Microplastics Found in our Livers
Microplastics are everywhere: in water, in food, in the air. The idea is worrying – but so far there is no concrete evidence that it can harm humans. There being harmless, however, seems increasingly doubtful.
Blood tests have now shown that microplastics actually circulate in the human body and researchers from the Eppendorf University Hospital in Hamburg have now found evidence of this for the first time that they can accumulate in the body: they have detected microplastics in human liver tissue. To do this, they examined tissue samples from the liver, kidneys and spleen of six people with liver cirrhosis and five people without liver disease.
Microplastics in diseased livers
They found what they were looking for in the samples from cirrhotic liver tissue: they found a total of six different types of microplastics here. In contrast, the scientists did not find any plastic particles in subjects with healthy livers.
A possible explanation for this is the increased portal vein pressure in people with liver cirrhosis. The portal vein – a vein – carries low-oxygen but nutrient-rich blood from the intestines to the liver, among other places. There, the nutrients from the blood are processed and the drug substances and pollutants contained in the blood are broken down.
If the liver is badly scarred, blood can no longer flow through it properly. This increases the pressure in the portal vein.
Compromised intestinal barrier
This portal vein hypertension in turn seems to affect the intestines: with increased portal vein pressure, its barrier function is weakened – the intestinal wall becomes more permeable. In this way, significantly more microplastic particles could get from the intestine into the blood of the portal vein, according to the hypothesis. A corresponding observation was made earlier in connection with bacteria that infect the liver coming from the intestine.
Does plastic make sick livers even sicker?
“Future studies must show the importance of depositing microplastics in the liver on the course of the disease in patients with liver disease,” says Dr. Thomas Horvatits, Senior Physician in the 1st Medical Clinic and Polyclinic of the UKE.
In fact, it cannot be ruled out that the plastic particles could have an unfavourable effect on the course of the disease. Studies indicate that microplastics cause so-called oxidative stress and could thus fuel inflammatory reactions.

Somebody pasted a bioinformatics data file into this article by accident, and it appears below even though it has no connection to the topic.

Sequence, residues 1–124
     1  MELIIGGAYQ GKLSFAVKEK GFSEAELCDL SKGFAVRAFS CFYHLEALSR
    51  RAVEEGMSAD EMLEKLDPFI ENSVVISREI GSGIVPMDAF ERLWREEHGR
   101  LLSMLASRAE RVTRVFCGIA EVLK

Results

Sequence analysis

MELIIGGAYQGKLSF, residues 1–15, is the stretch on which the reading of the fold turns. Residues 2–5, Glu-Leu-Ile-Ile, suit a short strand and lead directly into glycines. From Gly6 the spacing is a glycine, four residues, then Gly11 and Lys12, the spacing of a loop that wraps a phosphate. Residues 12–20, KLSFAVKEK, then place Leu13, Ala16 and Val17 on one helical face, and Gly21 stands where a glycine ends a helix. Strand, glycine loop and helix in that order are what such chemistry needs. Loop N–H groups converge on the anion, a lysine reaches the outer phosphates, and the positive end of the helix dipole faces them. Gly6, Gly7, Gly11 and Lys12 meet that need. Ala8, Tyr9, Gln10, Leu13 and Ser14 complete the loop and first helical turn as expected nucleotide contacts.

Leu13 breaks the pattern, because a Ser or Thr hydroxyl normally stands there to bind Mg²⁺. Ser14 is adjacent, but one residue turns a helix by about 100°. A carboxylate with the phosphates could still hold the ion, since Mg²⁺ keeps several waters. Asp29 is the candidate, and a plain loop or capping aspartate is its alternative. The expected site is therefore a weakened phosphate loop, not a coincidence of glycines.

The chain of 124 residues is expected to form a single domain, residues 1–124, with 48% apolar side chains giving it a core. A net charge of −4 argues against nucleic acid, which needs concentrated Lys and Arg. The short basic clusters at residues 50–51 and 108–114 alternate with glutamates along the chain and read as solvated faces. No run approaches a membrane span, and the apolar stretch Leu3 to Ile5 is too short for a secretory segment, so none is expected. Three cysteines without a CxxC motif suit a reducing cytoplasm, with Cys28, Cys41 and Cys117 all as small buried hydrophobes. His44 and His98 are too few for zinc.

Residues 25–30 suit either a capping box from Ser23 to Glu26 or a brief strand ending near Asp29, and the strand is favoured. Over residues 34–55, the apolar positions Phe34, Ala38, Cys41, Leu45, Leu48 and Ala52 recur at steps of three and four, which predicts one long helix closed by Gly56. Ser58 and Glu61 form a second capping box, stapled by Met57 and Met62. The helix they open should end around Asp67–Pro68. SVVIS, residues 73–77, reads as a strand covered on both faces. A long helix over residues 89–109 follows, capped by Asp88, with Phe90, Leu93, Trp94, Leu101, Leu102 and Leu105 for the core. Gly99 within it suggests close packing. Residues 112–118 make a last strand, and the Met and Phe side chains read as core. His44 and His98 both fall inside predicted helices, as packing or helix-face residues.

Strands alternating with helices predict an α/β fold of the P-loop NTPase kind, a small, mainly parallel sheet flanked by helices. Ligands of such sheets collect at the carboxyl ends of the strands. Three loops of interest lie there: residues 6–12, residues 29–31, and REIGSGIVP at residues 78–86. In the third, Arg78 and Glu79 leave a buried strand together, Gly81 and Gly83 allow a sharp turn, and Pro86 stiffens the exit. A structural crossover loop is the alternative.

Tiny particles, difficult detection
Research is made more difficult by the fact that the tiny plastic particles are often difficult to detect.
“The identification and analysis of microplastic particles in human tissue was a particular challenge for us due to the very small particle sizes and the small sample quantities,” reports Dr. Elke Fischer, head of the Microplastic Research group at the Centre for Earth System Research and Sustainability (CEN) at the University of Hamburg. “We have developed a new method for this that combines staining processes using Nile red and fluorescence microscopy,” says the scientist.
Animal experiments show health risks
Animal experiments have already made progress. Various studies have reported accumulation of polystyrene (PS) microspheres in the gut, liver and kidneys in rodents. With negative consequences: the accumulation of microplastics was accompanied by disruptions in energy and fat metabolism, mucus secretion and the intestinal microbiome. Each of these factors can have far-reaching health consequences.
How microplastics are formed
Microplastics are formed in a variety of ways. Some are even produced specifically for use in the cosmetics industry. Others are caused by tire wear or when other plastic products wear out. These include above all synthetic fibres from the textile industry. In addition, tiny plastic particles form when larger plastic parts weather.
Microplastics enter groundwater and the oceans through sewage, rainwater and flooding. It is ingested by marine animals and ends up on the plate – and coming from the groundwater in the drinking glass.
Positive changes are being made
Many countries around the world are now waking up to the risks and taking action to reduce the amount of plastic waste which regrettably always seems to make its way into the oceans, the food chain and ultimately us. It is uplifting to see initiatives like ending free plastic bags in shops, something the UAE has adopted in July 2022 complimenting the earlier ‘Dubai Can’ initiative, backed by HH Sheikh Hamdan bin Mohammed Al Maktoum, which encourages people to refill water containers from free dispensers placed across the city of Dubai. Moreover, global chains and small independent restaurants are replacing plastic straws and cups with biodegradable alternatives which are all little things that help to make a difference, but the most powerful impacts can be realised if we all become better educated, spreading the word about the problem and taking action together to fight this environmental and health emergency.
To find out more about how you can take the best care of your liver check out our earlier article Love Your Liver.